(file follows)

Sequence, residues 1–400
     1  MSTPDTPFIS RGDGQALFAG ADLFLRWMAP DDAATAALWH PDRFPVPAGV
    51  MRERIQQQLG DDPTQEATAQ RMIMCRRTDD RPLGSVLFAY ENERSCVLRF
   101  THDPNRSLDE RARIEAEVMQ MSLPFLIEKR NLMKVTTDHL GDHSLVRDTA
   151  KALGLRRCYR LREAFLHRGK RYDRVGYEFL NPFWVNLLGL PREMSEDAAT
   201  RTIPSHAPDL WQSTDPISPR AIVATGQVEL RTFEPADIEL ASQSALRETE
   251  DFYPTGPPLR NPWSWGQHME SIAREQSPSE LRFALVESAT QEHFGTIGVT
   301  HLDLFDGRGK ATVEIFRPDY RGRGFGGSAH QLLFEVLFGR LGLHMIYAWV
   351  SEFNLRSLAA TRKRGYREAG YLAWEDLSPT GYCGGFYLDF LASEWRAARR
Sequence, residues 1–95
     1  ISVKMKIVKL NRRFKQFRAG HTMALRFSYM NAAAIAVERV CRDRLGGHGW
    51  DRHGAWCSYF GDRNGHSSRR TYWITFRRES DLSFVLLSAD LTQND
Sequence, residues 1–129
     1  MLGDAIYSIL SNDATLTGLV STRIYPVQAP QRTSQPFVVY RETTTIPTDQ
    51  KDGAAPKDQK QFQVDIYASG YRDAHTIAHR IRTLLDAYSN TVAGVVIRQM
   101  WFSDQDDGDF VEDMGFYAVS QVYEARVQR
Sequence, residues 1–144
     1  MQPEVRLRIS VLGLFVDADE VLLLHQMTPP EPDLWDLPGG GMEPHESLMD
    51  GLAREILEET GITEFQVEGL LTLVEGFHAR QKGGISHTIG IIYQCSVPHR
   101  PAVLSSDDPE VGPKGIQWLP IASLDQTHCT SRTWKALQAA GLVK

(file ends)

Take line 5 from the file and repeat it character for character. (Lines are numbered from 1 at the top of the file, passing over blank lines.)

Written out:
   151  KALGLRRCYR LREAFLHRGK RYDRVGYEFL NPFWVNLLGL PREMSEDAAT